## Minerals

Moss agate is a semi-precious gemstone formed from silica. It is a form of agate which includes minerals of a green colour embedded in the chalcedony, forming filaments and other patterns suggestive of moss. The field is a clear or milky-white quartz, and the included minerals are mainly oxides of manganese or iron. ...more on Wikipedia about "Moss agate"

Nsutite is a form of mineral of manganese oxide [Mn(O,OH)H2O]. It is found in most large manganese deposits and was first discovered in Nsuta, Ghana. Since then, it has been found worldwide. Nsutite is a dull mineral with a hardness of 6.5-8.5 and an average density of 4.45 grams/cubic centimeter. It has a molecular weight of 87.24 grams/mole. Nustite is used as a cathode in zinc-carbon batteries, but synthetic manganese oxide is gradually replacing it. ...more on Wikipedia about "Nsutite"

plessite is a fine-grained mixture of the minerals kamacite and taenite found in the octahedrite iron meteorites. It occurs in gaps between the larger bands of kamacite and taenite which form Widmanstätten patterns. ...more on Wikipedia about "Plessite"

Portland Independent Top Whitbed is a kind of stone used to build "The Ashton Memorial" Lancaster. ...more on Wikipedia about "Portland Independent Top Whitbed"

Potash (or carbonate of potash) is an impure form of potassium carbonate ( K2 CO3) mixed with other potassium salts. Potash has been used since antiquity in the manufacture of glass and soap, and as a fertilizer. The name comes from the English words pot and ash, referring to its discovery in the water- soluble fraction of wood ash. ...more on Wikipedia about "Potash"

Prase is a green translucent chalcedony (quartz). It gets its coloring from chlorite and hornblende and has been used for engravings since antiquity. ...more on Wikipedia about "Prase"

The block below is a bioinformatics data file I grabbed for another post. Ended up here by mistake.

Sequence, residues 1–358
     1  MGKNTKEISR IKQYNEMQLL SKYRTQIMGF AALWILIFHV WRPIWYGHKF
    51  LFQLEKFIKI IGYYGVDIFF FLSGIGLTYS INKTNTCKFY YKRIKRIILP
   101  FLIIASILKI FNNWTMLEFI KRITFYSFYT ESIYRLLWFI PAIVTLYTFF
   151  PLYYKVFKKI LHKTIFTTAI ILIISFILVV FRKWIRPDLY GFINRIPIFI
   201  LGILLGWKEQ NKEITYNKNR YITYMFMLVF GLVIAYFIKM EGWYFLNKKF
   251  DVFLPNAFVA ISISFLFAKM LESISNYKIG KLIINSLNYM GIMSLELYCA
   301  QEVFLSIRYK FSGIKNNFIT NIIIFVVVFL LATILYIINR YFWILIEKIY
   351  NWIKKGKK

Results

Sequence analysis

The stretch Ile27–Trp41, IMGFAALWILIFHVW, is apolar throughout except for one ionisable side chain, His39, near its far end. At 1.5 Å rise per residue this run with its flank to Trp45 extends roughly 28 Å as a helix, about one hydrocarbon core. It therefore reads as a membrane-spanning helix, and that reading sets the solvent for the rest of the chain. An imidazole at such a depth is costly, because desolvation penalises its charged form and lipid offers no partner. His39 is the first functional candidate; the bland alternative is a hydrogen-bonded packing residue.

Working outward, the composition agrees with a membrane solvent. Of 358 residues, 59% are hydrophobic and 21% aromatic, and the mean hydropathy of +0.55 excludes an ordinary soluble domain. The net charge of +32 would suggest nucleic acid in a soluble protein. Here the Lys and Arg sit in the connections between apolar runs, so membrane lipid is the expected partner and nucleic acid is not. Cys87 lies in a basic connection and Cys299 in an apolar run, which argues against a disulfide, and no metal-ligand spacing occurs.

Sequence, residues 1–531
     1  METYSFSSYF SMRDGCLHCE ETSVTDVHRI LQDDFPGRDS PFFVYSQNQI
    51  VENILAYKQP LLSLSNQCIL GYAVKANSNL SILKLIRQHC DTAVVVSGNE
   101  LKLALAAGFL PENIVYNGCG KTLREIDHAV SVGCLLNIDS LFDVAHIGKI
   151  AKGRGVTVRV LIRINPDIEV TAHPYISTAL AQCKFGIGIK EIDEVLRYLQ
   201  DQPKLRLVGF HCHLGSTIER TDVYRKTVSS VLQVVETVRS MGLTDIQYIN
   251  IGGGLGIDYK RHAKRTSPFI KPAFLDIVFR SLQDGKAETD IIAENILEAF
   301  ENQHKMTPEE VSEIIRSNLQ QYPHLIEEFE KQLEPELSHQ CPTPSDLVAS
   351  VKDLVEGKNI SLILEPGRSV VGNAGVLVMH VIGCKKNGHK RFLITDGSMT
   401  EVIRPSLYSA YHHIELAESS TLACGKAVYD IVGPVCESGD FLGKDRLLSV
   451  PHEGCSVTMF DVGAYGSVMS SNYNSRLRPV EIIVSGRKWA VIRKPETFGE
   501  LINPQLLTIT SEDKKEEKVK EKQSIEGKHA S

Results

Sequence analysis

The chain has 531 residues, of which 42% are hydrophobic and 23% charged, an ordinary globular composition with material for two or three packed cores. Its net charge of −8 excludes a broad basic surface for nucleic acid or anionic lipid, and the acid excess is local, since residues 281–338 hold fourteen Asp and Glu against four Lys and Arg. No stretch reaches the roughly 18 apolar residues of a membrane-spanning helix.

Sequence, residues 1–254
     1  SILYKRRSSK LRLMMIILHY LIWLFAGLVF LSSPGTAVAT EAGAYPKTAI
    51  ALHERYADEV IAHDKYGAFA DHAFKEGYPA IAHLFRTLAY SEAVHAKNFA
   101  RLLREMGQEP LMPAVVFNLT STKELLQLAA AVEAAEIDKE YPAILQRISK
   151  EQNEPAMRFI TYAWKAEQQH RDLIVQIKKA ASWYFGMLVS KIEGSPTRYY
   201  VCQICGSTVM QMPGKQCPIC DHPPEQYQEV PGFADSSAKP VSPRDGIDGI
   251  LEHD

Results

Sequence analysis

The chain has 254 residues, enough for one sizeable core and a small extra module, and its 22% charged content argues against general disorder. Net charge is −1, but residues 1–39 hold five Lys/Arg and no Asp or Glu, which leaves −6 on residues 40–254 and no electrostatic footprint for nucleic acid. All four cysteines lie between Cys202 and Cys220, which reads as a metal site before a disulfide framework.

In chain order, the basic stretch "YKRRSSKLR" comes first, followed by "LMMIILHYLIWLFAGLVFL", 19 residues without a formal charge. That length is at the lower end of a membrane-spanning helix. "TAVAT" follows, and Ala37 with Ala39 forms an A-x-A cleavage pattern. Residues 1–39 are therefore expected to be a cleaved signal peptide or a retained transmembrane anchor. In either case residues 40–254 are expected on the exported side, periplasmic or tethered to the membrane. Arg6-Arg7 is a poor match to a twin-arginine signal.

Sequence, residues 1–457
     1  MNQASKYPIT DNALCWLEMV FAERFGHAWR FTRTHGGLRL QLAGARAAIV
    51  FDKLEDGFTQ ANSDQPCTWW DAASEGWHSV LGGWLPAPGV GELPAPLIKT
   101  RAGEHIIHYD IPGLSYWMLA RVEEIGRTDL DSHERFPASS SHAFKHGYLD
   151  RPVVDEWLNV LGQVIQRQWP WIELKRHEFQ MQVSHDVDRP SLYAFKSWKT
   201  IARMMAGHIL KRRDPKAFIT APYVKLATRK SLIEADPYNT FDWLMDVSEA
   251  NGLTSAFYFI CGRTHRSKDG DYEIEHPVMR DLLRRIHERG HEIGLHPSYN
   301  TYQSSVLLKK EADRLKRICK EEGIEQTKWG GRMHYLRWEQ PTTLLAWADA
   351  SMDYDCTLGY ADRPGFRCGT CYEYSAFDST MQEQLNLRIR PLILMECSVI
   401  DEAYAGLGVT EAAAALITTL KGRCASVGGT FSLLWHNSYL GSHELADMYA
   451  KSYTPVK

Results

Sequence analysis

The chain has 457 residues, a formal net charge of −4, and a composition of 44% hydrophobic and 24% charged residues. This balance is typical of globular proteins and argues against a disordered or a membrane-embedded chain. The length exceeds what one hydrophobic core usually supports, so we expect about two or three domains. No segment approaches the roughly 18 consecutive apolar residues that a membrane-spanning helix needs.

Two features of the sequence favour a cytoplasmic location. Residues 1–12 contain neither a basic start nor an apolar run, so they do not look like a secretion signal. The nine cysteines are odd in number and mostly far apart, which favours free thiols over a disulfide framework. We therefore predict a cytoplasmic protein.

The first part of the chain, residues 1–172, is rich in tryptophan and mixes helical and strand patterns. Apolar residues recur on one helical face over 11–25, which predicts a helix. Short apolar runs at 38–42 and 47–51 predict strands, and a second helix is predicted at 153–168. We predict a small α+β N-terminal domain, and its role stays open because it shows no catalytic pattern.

Quartz is the most abundant mineral in the Earth's continental crust. It has a hexagonal crystal structure made of trigonal crystallized silica (silicon dioxide, SiO2), with a hardness of 7 on the Mohs scale. Density is 2.65 g/cm³. The typical shape is a six-sided prism that ends in six-sided pyramids, although these are often twinned, distorted, or so massive that only part of the shape is apparent from a mined specimen. Additionally a bed is a common form, particularly for varieties such as amethyst, where the crystals grow up from a matrix and thus only one termination pyramid is present. A quartz geode consists of a hollow rock (usually with an approximately spherical shape) with a core lined with a bed of crystals. ...more on Wikipedia about "Quartz"

Rose quartz is a type of quartz which exhibits a pale pink to rose red hue. The color is usually considered as due to trace amounts of titanium, iron, or manganese, in the massive material. Some rose quartz contains microscopic rutile needles which produces an asterism in transmitted light. Recent X-ray diffraction studies suggest that the color is due to thin microscopic fibers of possibly dumortierite within the massive quartz. It is rarely found in crystal form. When it is, its color is thought due to trace amounts of phosphate or aluminium. The color in crystals is apparently photosensitive and subject to fading. The first crystals were found in a pegmatite found near Rumford, Maine, USA, but most crystals on the market come from Minas Gerais, Brazil. ...more on Wikipedia about "Rose quartz"

Samarskite is a radioactive mineral with the empirical formula of $Y_\left\{0.2\right\} R E E_\left\{0.3\right\} Fe^\left\{3+\right\}_\left\{0.3\right\} U_\left\{0.2\right\} Nb_\left\{0.8\right\} Ta_\left\{0.2\right\} O_\left\{4\right\}$ ...more on Wikipedia about "Samarskite"